TV Review: Guerilla, Sky Atlantic


Jamie Bowman

I’ve been meaning to catch up with new Sky Atlantic drama Guerrilla for a few weeks now and I’m glad I did.

The six-part series written by John Ridley, the Oscar-winning writer of 12 Years a Slave, has class written all over it thanks to the presence of Idris Elba, who returns to TV drama for the first time since Luther and not only stars but is one of the executive producers.

Set in an authentic looking 1970s London, Guerrilla tells the story of a politically active couple who liberate a political prisoner and form a radical underground cell.

The tenderness between Marcus, an unemployed black English teacher played by Babou Ceesay and Jas, an Asian nurse played by Freida Pinto, was clear to see but what really made it come alive was the contrast between their love story and the shocking racism and violence that seemed to engulf them at every turn.

Early on we see Marcus and Jas confronted by a group of policemen and the physical and sexual assault which follows leaves you in no doubt about the roots of their anger, which very soon becomes something much more than just spreading pamphlets and attending peaceful marches.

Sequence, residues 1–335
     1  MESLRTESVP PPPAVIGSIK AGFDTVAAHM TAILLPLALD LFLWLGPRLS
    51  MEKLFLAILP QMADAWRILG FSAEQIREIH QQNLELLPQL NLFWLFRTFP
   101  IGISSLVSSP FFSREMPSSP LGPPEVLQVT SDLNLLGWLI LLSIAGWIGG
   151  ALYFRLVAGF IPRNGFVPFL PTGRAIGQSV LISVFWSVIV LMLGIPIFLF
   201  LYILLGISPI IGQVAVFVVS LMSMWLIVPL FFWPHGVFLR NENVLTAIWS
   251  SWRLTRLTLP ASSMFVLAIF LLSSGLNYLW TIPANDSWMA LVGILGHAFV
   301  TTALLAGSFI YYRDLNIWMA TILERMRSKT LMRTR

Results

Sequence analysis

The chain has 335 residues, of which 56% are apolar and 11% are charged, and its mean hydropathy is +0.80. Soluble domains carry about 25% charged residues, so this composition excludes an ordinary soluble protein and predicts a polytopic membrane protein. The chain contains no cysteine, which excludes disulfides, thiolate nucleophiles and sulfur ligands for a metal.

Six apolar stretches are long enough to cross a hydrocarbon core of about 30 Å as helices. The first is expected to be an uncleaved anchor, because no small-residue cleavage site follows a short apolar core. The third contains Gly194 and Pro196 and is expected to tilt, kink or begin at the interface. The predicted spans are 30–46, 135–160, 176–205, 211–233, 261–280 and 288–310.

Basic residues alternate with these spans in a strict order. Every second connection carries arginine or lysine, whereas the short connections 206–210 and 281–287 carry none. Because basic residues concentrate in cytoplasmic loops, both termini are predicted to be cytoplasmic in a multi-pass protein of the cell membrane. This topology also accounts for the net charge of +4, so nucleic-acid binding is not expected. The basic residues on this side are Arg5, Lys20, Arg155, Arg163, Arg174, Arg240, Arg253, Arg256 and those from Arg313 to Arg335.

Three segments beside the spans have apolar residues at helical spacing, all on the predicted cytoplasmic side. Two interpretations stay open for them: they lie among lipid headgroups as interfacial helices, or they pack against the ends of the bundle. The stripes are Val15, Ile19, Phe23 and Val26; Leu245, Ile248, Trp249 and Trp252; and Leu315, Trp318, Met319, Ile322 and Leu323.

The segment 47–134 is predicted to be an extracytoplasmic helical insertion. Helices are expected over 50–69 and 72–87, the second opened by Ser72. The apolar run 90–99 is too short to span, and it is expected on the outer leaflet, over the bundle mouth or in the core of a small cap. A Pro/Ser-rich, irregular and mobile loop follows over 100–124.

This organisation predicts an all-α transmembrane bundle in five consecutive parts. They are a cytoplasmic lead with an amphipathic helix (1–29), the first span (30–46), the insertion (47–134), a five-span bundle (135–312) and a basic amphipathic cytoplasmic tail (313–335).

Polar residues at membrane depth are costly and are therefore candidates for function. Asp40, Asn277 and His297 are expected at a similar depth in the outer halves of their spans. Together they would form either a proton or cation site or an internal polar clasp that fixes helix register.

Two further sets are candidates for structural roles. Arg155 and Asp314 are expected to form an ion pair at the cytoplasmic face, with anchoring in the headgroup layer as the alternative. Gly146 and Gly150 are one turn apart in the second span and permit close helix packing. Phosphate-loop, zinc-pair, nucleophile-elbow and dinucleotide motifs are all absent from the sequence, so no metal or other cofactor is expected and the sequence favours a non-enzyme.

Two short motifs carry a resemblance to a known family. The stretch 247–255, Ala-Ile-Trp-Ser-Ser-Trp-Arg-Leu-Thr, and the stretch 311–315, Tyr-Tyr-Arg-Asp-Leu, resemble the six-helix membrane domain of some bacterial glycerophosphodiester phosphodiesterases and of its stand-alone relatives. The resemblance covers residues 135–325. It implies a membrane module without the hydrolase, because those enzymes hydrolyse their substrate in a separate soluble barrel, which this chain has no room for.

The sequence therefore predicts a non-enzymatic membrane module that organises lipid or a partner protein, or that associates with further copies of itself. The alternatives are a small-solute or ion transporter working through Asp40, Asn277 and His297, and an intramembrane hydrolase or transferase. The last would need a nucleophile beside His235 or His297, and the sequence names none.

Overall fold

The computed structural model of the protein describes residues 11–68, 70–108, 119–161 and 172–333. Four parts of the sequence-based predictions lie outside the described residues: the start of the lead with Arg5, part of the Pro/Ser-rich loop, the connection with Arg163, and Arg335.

Just as upsetting as the violence is the matter-of-factness when it comes to the way they are treated. Marcus’ regular trips to the job centre are a lesson in humiliation as his aspirations to teach are quickly dismissed in favour of driving jobs because he is “one of the clever ones”.

Elba’s role is undeniably cool as he gets to waft around a party accompanied by marijuana smoke and a girl playing a flute while wearing tight pants. He plays Jas’ ex and seems to prefer using his brain rather than his fists. A lover not a fighter you could say and it’s difficult not to compare his character to that of his career defining role as Stringer Bell in The Wire.

As tense and enjoyable as Guerilla is, it’s not perfect. Pinto is stunningly beautiful but it almost feels like a case of miscasting to have her playing a gun-toting left wing revolutionary. Rory Kinnear feels underused as a philandering chief inspector.

But there’s enough here to keep you on the edge of your seat particularly when it comes to the daring and almost comically amateurish jail break which, as the escapee tells them, leaves
Jas and Marcus as “soldiers”.

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